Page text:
“Tackling this complex problem successfully will have an important impact on the clinical approach to treating PAS, and potentially other pediatric cardiac and pulmonary conditions,” said Maria Palasis, PhD, Executive Vice President and Chief Technology Officer, 480 Biomedical. “Our team is applying extensive knowledge and expertise from the development of our Stanza™ scaffold technology for peripheral vascular disease to transform care and improve outcomes for these young patients.”
About Pediatric PAS
Pediatric cardiology conditions, such as PAS, aortic coarctation, and pulmonary vein stenosis, impact approximately 4,000 children each year in the United States and, without treatment, can lead to serious complications, as well as a high mortality rate. 1,2,3
Of these conditions, PAS – a congenital defect causing narrowing of the branches of the pulmonary artery – is the most common, affecting approximately 2,500 infants and children annually. 1,4,5 PAS causes an overall reduction and disproportionate distribution of pulmonary blood flow to the lungs, leading to poor oxygenation and impaired development of the pulmonary vessels. Current treatment options for PAS, including surgery, minimally invasive transcatheter procedures, and permanent metal stent implants, pose serious challenges and risks within a pediatric patient population.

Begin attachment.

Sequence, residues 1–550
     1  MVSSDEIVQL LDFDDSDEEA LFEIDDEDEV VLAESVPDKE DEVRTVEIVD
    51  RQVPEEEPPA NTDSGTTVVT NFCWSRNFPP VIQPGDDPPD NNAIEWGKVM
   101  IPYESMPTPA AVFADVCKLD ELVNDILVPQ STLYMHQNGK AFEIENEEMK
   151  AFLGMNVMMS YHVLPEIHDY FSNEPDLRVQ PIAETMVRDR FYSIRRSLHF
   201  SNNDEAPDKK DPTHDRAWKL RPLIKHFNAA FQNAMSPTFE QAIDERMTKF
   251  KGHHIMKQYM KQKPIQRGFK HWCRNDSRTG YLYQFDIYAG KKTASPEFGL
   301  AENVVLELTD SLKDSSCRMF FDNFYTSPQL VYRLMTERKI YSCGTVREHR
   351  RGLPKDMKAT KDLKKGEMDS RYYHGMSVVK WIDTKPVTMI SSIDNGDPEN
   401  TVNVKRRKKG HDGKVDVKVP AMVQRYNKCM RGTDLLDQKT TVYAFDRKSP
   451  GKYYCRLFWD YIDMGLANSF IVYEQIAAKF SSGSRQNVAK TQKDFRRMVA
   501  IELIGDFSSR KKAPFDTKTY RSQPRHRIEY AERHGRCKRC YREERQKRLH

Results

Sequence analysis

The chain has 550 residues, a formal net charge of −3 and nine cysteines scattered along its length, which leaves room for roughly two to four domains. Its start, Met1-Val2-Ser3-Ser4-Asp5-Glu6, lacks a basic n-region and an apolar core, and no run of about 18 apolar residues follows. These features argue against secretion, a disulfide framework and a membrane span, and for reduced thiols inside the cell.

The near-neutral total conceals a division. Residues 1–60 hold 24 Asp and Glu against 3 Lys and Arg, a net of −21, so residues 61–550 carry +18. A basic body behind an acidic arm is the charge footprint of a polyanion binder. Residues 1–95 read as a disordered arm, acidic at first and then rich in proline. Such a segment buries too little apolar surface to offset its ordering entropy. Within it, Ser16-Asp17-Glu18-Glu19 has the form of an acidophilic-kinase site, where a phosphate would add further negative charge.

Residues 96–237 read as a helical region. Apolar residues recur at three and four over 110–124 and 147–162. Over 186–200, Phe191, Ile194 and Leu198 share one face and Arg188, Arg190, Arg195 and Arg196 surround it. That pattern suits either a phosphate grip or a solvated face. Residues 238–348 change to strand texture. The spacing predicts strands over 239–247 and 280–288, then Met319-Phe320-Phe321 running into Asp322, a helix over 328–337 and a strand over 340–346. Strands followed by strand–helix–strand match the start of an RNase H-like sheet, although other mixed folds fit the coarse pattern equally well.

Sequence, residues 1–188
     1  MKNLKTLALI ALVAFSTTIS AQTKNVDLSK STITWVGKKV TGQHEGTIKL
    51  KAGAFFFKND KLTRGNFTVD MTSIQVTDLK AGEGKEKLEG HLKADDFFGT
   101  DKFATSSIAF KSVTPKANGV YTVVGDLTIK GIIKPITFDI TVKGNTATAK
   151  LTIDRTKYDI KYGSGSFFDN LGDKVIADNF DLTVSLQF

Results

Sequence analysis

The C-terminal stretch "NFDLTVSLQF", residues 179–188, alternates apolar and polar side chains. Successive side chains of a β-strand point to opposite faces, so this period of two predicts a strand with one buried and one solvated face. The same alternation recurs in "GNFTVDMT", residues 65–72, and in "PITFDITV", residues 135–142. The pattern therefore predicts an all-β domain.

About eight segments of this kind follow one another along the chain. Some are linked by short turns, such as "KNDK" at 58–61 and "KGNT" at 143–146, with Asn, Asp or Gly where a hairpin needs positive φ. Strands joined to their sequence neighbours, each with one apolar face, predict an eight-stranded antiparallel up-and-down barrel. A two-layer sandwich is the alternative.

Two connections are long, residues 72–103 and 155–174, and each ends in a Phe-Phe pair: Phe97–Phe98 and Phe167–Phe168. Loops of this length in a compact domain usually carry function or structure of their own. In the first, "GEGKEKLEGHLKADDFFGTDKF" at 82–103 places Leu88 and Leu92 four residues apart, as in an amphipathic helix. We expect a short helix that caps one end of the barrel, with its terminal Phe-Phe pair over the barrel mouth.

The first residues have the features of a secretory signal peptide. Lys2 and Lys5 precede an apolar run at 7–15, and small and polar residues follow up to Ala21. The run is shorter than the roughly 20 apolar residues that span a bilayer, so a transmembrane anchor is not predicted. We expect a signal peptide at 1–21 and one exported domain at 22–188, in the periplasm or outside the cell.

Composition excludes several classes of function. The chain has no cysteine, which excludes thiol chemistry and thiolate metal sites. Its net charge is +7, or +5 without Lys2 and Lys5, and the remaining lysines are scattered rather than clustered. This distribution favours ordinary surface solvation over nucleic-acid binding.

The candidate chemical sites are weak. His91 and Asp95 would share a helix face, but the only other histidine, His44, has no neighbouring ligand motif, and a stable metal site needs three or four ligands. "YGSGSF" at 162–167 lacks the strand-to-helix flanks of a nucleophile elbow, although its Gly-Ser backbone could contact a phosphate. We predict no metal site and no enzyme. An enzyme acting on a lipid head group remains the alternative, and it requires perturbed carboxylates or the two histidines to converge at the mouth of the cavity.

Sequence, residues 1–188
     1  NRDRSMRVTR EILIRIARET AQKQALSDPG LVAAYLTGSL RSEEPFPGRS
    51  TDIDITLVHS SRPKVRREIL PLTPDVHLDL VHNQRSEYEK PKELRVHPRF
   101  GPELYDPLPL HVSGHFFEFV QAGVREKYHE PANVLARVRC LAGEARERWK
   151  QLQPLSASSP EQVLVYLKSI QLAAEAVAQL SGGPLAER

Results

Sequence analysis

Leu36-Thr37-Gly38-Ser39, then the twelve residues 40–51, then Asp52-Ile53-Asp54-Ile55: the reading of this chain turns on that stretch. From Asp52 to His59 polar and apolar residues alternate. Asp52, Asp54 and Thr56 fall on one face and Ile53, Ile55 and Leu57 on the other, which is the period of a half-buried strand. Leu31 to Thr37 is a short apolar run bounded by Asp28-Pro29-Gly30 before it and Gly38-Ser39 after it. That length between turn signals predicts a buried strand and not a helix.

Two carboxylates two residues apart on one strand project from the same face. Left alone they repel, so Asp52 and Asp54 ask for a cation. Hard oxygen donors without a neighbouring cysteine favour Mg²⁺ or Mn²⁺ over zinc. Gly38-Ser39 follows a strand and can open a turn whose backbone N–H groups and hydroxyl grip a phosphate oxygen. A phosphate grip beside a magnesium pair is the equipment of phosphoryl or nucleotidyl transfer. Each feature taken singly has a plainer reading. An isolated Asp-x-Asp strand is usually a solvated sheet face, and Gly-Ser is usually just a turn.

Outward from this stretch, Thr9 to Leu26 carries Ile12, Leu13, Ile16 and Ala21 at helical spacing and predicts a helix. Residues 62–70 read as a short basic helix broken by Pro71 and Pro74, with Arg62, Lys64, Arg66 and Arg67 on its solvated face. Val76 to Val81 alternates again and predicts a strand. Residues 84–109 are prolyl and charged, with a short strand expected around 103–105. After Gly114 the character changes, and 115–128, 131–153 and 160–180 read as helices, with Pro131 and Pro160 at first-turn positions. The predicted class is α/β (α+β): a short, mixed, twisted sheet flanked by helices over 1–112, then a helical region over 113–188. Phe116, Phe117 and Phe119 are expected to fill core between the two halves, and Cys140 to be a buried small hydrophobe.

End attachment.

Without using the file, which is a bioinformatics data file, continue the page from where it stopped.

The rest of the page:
About Stanza™ Scaffold Technology
The Stanza scaffold technology combines biocompatible materials with innovative engineering for optimal balance of radial force, flexibility, and bioresorbability. This proprietary scaffold is also ideal for controlled delivery of drug for several months.
The Stanza scaffold technology supports the lumen while healing occurs, resorbing in about a year. The strength of the scaffold, followed by its resorption, provides the benefits of scaffolding while avoiding the potential downsides of a permanent implant, including irritation, fracture, and difficulty of retreatment.
About 480 Biomedical
480 Biomedical is using the most sophisticated tools of advanced materials science to create innovative products to treat serious vascular disease and injury.